Every year, sometime in December, I begin to think about all the books I read that year, trying to determine which ones I liked the best and always wondering just how many I actually read. Every year I’m disappointed to find that I haven’t kept very good records so I really do not know how many books passed through my hands (my estimate this year would be between 100 and 150). Fortunately, because I review many of the books I read, I can at least generate a list of favorites.
Note that these are my favorite books. That is an admission that this is a subjective list of the books that I most enjoyed this year, not the books that were necessarily objectively best or most important (though hopefully there is some degree of correlation). Also, I’ve only included Christian books here. Except for the final book, the one I’ve determined is my absolute favorite, these come in no particular order.
Gospel Powered Parenting by Bill Farley. It’s not like we’re hurting for more books on parenting, but Farley has still managed to find a niche and to fill it very well. His book is biblically-centered and gospel-focused. It is challenging in all the right ways and has given me a lot to chew on in my role as a parent.
A Praying Life by Paul Miller. If there is no shortage of books on parenting there’s certainly no shortage of books on prayer. Many of these books focus predominantly on technique with little emphasis on theology; others go the theological route with little emphasis on technique. A Praying Life spans the gap, giving valuable thoughts on each. This is an ideal book for the Christian who continues to struggle with prayer and who finds little joy and confidence in his prayer life.
If God Is Good by Randy Alcorn. Alcorn offers an exhaustive treatment of God’s sovereignty through pain and suffering and does so with a great deal of humility and grace. I found this book both deeply challenging and greatly encouraging. It would be difficult to read the book and not come away trusting more in God’s sovereignty and in the goodness of his purposes even through the greatest trials.
Calvin by Bruce Gordon. In a year that saw more than a handful of biographies of Calvin, I found this one to be the best. It was, at long last, the closest we have to a definitive biography of the great Reformer. Gordon especially excels at placing Calvin in his historical context, showing how he was a product of the unique societal and religious events of his time. Unlike many Calvin biographers, Gordon does not shy away from pointing out both the incredible strengths and the unfortunate weaknesses in Calvin’s character.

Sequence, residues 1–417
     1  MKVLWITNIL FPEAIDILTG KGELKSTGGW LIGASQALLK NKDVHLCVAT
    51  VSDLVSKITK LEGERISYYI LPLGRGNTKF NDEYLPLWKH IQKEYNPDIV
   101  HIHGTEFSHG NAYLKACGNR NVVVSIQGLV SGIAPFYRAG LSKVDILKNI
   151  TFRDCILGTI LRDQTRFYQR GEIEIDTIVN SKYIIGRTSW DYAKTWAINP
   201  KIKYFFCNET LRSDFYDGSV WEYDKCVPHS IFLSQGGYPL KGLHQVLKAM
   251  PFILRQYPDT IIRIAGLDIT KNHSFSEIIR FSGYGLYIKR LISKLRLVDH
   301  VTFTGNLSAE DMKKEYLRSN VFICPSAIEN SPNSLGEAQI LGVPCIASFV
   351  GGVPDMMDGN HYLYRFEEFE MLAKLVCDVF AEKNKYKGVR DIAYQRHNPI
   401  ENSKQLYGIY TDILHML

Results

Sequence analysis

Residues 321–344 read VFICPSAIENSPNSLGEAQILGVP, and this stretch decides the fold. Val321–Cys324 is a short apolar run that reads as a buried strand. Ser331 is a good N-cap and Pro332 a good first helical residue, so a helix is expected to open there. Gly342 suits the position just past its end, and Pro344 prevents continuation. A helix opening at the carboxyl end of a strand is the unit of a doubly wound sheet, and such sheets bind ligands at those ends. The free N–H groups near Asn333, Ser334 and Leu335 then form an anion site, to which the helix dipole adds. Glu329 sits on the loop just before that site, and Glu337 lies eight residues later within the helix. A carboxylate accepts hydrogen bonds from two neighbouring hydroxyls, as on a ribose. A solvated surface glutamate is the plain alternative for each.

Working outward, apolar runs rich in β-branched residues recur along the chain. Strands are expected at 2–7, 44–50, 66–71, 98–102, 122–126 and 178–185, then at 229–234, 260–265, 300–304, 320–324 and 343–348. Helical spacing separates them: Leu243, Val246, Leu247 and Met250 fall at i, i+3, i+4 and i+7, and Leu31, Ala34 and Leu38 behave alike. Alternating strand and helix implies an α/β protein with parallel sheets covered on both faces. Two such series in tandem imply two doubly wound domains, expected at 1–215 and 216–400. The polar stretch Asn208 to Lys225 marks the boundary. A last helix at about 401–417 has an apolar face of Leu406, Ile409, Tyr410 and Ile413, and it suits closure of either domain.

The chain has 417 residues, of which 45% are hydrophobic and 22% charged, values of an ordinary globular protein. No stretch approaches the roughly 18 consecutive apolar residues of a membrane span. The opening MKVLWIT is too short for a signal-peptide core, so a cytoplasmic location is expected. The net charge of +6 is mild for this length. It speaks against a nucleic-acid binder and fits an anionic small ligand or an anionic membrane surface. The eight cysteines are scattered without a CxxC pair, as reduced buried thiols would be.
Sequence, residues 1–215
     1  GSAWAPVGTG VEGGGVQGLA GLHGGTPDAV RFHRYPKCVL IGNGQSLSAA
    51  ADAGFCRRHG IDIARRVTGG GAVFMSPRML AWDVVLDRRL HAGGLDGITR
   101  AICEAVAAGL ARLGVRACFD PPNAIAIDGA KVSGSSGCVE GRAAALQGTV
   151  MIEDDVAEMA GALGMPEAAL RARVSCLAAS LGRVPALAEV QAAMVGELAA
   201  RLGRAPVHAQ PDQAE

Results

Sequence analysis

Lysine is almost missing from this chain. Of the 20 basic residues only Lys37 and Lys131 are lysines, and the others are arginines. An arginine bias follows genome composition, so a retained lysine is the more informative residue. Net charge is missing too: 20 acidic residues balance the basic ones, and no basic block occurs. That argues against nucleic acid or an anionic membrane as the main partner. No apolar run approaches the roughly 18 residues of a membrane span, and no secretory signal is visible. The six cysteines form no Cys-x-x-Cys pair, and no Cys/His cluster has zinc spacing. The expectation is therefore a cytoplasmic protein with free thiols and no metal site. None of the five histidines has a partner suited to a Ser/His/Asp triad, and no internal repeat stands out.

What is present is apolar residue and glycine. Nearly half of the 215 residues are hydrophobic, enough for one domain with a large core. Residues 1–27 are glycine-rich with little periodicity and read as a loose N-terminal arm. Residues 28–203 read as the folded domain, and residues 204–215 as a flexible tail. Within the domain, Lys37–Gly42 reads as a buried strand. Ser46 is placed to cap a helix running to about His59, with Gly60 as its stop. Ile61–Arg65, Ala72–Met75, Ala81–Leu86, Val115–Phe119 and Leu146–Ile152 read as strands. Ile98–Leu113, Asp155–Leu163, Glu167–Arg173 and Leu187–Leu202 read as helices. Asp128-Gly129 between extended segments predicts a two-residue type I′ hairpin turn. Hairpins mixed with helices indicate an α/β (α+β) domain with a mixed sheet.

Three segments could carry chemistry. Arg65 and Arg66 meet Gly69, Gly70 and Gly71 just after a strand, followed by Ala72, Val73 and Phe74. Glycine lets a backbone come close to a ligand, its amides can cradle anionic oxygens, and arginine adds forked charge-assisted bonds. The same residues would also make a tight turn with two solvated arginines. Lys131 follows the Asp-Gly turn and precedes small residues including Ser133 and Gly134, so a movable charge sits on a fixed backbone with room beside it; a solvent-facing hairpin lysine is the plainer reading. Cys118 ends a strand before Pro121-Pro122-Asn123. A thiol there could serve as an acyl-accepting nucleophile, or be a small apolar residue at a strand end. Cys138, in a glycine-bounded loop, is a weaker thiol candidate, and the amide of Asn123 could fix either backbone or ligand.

Counterfeit Gods by Tim Keller. Having read all three of Keller’s recent books, I found Counterfeit Gods the most convicting. While it will not be as widely-read as The Reason for God it deals very well with a very important topic. There is no one who is entirely immune to the lure of idolatry and Keller does an excellent job of showing how we can be free from those functional idols that seek to dominate our lives.
Who Made God? by Edgar Andrews. There have been many responses to the new atheists, some philosophical, some scientific, some theological. Andrews takes the scientific route here and does a fantastic job of showing that not all of the world’s prominent scientists are in the Darwinian, atheistic camp. He provides a rational, reasoned, methodical approach to refuting the tenets of the atheistic faith.
Finally Alive by John Piper. I have read most of Piper’s recent releases and felt that this one stood apart. In Finally Alive Piper deals with the new birth, not only demolishing much of the unbiblical thinking on the topic but also replacing it with the beautiful truth. It is probably my favorite of all Piper’s books.
Why Johnny Can’t Preach by T. David Gordon. While this book occasionally overstates things and while it is only an introduction to a vast topic, I found it fascinating and convicting. Gordon looks at the role of media and societal changes in the changing face of preaching today. He shows how the media have inevitably shaped the message and the messengers.
And now, my favorite book of 2009…
Adopted for Life by Russell Moore. The topic of adoption has been gaining increased attention in the church of late and for this I am very grateful. Moore’s book is a strong contribution to the discussion. I said in my review that I felt like Moore “left it all on the field” (borrowing a sports metaphor) with this book. I still feel that way. There was a passion behind his words that was so clear, so tangible. The book perfectly combines the theological foundation with the practical outworking of that theology. It has wisdom for the adopter, the adopted and the families, friends and churches of both. I hope many people will read this book and that it will be used by God to stir the hearts of many Christians as they consider adoption.
Unleashing the Word by Max McLean. This one may have made the list but for a few theological issues I noted within it. I was thrilled to read such a good book on such a good topic (the public reading of the Word of God) but was a mite disappointed in just a few of the little theological issues it exposed.
Forgotten God by Francis Chan. I really like what I see of Francis Chan’s ministry. While this book is not without a couple of concerns, I really do appreciate Chan’s call to seek to recover a biblical understanding of the role of the Holy Spirit in the life of the believer. It is a message many Christians desperately need to hear.
This Momentary Marriage by John Piper. Piper waited a really long time to write this book and the result was worth the wait. He deals well with the joys and the pains of marriage. I disagree with some of his premises but still found the book a very valuable and stirring read.